When implementing the Animation class inheriting from Process make sure to set the Finished property to true when the animation ends, so that it will get removed from the queue.

I think that probably already answers your question, but if you're interested in the subject, keep reading.


Bonus - Some Useful Processes!

I might as well drop some useful types of processes for pretty much any type of game! Hopefully these will inspire you to make your own processes too.

First we have the SleepProcess which as the name implies, does nothing for a certain duration of time:

public class SleepProcess : Process
{
    public SleepProcess(float duration)
    {
        _duration = duration;
    }

    public override void Update(float elapsed)
    {
        _timer += elapsed;
        if(_timer >= _duration)
            Finished = true;
    }

    private float _timer;
    private readonly float _duration;
}

And sometimes you don't need a process that spans several frames - a single frame is enough. The following GenericProcess makes that easy:

public class GenericProcess : Process
{
    public GenericProcess(Action action)
    {
        _action = action;
    }

    public override void Update(float elapsed)
    {
        _action();
        Finished = true;
    }

    private readonly Action _action;
}

Mixing Everything Together - An Example

Here's how you can use these processes. Let's say for instance that you would like to play animation A, wait 2 seconds, play animation B, and finally write a message to the debugger. By using the processes above you can implement this entire sequence as four lines of code:

processQueue.Add(new AnimationProcess(...));
processQueue.Add(new SleepProcess(2));
processQueue.Add(new AnimationProcess(...));
processQueue.Add(new GenericProcess(() => Diagnostics.Debug("Message")));

And the only thing you need to do is remember to call Update on the process queue. Can you see how powerful this concept can be when properly used? Pretty much everything in your game can be considered as a process!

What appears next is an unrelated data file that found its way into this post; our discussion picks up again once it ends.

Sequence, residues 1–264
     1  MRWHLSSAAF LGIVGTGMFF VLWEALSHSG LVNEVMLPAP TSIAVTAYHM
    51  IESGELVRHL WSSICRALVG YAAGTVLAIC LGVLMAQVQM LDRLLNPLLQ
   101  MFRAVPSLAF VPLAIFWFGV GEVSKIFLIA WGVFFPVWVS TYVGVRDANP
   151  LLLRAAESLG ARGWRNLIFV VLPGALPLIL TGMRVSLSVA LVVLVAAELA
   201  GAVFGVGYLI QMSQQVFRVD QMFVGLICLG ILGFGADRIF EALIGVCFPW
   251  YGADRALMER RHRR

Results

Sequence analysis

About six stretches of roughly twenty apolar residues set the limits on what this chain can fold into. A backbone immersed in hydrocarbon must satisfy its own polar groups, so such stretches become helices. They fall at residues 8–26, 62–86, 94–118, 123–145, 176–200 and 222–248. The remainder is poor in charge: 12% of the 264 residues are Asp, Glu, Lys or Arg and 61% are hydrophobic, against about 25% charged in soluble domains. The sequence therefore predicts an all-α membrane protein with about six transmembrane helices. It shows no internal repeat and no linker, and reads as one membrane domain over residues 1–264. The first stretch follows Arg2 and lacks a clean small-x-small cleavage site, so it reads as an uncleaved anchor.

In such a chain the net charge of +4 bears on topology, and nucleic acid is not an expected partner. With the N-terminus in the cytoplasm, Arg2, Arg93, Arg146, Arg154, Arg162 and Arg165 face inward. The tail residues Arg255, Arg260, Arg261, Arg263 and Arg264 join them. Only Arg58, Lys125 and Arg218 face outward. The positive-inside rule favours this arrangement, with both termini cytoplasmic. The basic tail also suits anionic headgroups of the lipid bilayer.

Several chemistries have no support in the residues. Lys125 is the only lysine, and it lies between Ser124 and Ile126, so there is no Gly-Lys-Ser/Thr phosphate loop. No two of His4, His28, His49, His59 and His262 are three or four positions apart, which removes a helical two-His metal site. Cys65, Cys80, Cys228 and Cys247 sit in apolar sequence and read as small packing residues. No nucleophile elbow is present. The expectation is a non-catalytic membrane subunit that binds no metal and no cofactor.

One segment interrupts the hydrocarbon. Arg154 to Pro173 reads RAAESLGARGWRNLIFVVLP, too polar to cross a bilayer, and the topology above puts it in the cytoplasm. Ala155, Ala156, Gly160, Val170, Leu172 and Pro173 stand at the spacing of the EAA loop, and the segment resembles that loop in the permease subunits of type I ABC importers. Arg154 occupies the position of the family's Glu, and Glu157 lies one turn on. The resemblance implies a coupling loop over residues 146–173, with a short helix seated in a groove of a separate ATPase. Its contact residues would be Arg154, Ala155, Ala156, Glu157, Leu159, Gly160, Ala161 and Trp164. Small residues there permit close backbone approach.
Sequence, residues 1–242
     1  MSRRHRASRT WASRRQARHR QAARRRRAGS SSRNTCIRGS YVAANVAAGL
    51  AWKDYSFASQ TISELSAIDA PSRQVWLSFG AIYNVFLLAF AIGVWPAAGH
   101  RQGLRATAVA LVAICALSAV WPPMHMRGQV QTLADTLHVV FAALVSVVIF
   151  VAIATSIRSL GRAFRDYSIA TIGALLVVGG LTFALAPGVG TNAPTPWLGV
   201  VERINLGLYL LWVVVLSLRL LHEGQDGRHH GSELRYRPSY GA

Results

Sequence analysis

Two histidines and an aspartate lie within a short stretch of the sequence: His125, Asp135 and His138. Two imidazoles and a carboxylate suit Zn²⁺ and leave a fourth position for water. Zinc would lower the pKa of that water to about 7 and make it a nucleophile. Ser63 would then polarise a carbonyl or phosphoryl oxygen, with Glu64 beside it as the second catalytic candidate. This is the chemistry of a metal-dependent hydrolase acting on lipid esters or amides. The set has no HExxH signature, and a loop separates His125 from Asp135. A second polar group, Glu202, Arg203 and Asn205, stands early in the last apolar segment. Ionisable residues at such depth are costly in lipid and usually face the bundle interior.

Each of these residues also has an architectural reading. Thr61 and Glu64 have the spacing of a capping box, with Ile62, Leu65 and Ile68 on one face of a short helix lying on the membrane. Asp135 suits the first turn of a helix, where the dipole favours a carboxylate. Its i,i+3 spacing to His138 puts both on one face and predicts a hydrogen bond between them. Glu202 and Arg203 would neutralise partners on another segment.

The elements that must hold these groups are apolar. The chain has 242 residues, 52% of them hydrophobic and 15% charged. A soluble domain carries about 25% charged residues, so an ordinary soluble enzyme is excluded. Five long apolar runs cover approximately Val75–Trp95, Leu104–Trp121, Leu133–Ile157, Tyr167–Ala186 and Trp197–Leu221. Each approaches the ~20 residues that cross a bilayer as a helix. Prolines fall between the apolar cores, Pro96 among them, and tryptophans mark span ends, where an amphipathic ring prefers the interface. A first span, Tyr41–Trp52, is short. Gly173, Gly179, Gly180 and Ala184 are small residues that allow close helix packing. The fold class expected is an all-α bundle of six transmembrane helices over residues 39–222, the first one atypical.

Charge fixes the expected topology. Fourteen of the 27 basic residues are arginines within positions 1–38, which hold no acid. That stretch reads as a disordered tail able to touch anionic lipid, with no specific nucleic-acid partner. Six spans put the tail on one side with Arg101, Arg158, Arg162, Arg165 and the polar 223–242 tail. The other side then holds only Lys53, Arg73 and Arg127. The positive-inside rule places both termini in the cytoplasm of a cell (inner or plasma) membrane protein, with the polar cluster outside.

What About Looping?

What if I wanted to take the example above and make it loop infinitely? Well, this too, is extremely simple to implement with this framework, using a sort of "delayed recursive" call. Just put the processes you want to loop inside a function, and then add a GenericProcess at the end that adds that calls that function once more:

void LoopProcesses()
{
    processQueue.Add(new AnimationProcess(...));
    processQueue.Add(new SleepProcess(2));
    processQueue.Add(new AnimationProcess(...));
    processQueue.Add(new GenericProcess(() => Diagnostics.Debug("Message")));

    // Call LoopProcesses again after all of the above are finished
    processQueue.Add(new GenericProcess(LoopProcesses));
}

// Call once to start looping
LoopProcesses();
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Nice, I had this framework in a game I did once, but with the name of Event, instead of Process. To tell the truth, processes sounds way better for me, I just didn't mind the name in the time :D –  Gustavo Maciel Apr 6 '12 at 3:07
1  
@codinghands That's the most simple way, yes! But once again that's a design decision with a lot of room for variation. There's even a very interesting thing you can do which is make your ProcessQueue class itself a Process, and give it two different modes of operation - sequence and parallel (although the name queue is no longer appropriate). Then you could just create a ProcessQueue (in parallel mode) and add your other ProcessQueues (in sequence mode) to it, just like as any other process. This is basically the composite design pattern and allows many other tricks too :) –  David Gouveia Apr 6 '12 at 13:58
1  
Proception! Baaarm! That's a great idea. I really need to read some game design architecture stuff, that wasn't immediately obvious at all. Going to give implementing this a shot right now. Thanks again! –  codinghands Apr 6 '12 at 15:59
1  
@codinghands Don't feel ashamed, I only realized the benefits of treating the queue itself as a process yesterday, when speaking about the subject with a fellow game developer :) You're always learning new tricks in this business. –  David Gouveia Apr 6 '12 at 16:02
1  
@codinghands This will vary from situation to situation, but I don't think that dependency should be a responsibility of the queue. So I tend to add dependencies to the processes themselves. E.g. pass a reference to A to B's constructor. I think I know what you're trying to do though, but it's a bit hard to explain so compare what I will say with this example. Basically, pass a reference to the character to the animation process, and use the reference to get the character's position but on the first update, not in the constructor (see example in link). –  David Gouveia Apr 6 '12 at 17:56